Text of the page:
### EE 101 Lab Exercise 1: Ohm's Law, Kirchoff's Laws, and Conservation of Power

This exercise does not have to be completed in a comp book, but starting with the next lab, a comp book must be used.

Part I. Voltage and Current Measurements. SHOW ALL UNITS WHERE APPLICABLE!

1. Before building the circuit, using Ohm's Law, calculate the current through the 10K ohm  resistor. This is your theoretical value. Give your answer in amps (A), milliamps (mA), and microamps (uA).  Show your work to the right of Figure 1.  (1A = 1,000mA = 1,000,000uA)

Figure 1.
2. Voltage and current measurements.

1. Using a multimeter, measure the actual resistance of the 10K ohm resistor (before building the circuit).

2. Build the circuit in Figure 1 on the protoboard. With the multimeter set to measure DC volts, measure the voltage across the resistor.

3. One method used to measure the current through a resistor is to use Ohm's Law. Using the data you collected from 2a and 2b, calculate the current, I, through the resistor. Express your answer in milliamps. This is your experimental value.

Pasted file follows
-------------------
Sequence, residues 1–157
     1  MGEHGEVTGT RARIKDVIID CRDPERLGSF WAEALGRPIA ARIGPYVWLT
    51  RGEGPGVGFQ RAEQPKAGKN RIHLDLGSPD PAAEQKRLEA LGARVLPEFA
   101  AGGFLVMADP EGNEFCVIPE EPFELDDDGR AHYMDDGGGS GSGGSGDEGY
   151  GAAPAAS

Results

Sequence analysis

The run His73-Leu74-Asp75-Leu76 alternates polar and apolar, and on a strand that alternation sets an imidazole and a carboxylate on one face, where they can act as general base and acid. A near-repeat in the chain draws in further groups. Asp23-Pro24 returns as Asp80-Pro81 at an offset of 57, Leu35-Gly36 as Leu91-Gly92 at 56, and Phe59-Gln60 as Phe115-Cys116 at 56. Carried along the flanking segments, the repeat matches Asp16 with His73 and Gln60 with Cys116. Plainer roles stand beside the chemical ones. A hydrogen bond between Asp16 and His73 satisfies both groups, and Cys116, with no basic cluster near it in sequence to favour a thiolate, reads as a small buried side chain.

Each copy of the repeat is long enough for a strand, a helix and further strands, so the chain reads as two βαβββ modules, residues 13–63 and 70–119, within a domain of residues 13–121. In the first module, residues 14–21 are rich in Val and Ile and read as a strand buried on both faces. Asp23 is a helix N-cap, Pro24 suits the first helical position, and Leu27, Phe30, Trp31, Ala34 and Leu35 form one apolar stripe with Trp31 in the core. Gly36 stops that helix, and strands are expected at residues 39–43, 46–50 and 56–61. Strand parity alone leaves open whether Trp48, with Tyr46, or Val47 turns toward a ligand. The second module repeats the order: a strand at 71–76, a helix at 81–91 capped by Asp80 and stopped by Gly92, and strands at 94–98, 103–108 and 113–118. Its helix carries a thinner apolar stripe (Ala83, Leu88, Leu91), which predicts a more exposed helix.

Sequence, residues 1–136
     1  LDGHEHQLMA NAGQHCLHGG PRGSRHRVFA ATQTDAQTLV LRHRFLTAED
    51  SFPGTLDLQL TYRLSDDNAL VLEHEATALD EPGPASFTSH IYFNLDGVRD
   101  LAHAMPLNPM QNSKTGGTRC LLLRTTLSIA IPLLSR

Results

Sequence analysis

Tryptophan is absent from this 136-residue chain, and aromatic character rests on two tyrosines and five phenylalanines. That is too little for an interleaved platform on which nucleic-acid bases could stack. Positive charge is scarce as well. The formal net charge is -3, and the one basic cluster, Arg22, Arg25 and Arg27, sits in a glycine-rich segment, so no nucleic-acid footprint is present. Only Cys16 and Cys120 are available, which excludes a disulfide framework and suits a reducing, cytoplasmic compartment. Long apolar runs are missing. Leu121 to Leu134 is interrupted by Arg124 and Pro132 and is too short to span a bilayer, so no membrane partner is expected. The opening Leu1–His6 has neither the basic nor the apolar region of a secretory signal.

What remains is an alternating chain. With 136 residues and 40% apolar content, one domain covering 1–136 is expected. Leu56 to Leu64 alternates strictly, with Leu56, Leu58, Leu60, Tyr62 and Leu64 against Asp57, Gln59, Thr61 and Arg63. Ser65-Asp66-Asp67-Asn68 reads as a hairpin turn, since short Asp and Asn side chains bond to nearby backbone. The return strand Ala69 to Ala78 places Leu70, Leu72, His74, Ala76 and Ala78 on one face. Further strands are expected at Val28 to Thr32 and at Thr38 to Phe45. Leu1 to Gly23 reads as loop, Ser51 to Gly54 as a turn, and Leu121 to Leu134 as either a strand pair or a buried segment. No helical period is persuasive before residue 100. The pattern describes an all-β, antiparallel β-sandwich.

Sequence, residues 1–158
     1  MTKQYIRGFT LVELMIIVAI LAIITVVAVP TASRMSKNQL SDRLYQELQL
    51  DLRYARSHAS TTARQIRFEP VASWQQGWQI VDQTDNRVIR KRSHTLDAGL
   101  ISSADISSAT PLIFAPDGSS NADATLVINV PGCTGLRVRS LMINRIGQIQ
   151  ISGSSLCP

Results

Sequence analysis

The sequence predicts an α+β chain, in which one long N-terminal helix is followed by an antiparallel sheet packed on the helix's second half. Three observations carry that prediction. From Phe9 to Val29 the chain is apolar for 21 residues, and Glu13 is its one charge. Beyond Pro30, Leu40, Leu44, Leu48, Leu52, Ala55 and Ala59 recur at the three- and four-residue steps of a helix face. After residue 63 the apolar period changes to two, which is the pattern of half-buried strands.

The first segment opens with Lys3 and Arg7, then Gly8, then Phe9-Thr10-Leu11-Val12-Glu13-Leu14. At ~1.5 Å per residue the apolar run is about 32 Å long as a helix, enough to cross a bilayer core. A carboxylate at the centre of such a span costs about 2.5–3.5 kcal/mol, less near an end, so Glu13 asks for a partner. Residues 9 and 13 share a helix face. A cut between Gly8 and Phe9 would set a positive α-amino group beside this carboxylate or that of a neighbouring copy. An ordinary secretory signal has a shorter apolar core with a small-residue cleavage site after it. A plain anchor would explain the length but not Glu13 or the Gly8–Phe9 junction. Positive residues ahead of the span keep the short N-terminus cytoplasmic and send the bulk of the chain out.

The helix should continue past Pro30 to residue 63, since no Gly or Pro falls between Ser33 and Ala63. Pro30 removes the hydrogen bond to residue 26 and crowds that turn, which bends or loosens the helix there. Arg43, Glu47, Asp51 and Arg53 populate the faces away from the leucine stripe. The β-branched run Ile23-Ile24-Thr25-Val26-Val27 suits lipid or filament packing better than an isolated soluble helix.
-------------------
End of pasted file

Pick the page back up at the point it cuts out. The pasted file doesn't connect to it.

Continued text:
4. Calculate the percent difference between the value for I you obtained in 2c, and the theoretical value for I you calculated in problem 1. Write your answer here.

5. Another method used to measure current through a resistor is to "break" your circuit, and insert the multimeter into it to complete the connection. Measure I using the multimeter. Write your answer here.

6. Calculate the percent difference between the value for I you obtained in 2e and the theoretical value for I you calculated in problem 1.

3. Using 10K ohm resistors, build the circuit in Figure 2 on your protoboard. Take care to lay out your circuit neatly, using wires of proper length where needed. Before connecting power to your circuit, adjust your power supply to 15 volts. Have a lab TA look over your circuit before you apply power to your circuit.

Figure 2.

1. Using a multimeter, the DC voltage across each circuit element.

2. Using Ohm's Law, calculate the values for all the indicated currents in the circuit.

3. Using Kirchoff's Current Law, write node equations for the currents entering and leaving Nodes 1, 2, and 3.

4. Using Kirchoff's Voltage Law, write loop equations for the three loops in the circuit.

5. Calculate the power delivered or absorbed by all circuit elements (Ps, P1, P2, P3, and P4). Show that the Law of Conservation of Power is observed by showing that power is balanced for the circuit.

Question:

1. What reasons can you think of that may explain why your experimental values for I were different than your theoretical values?

January 2001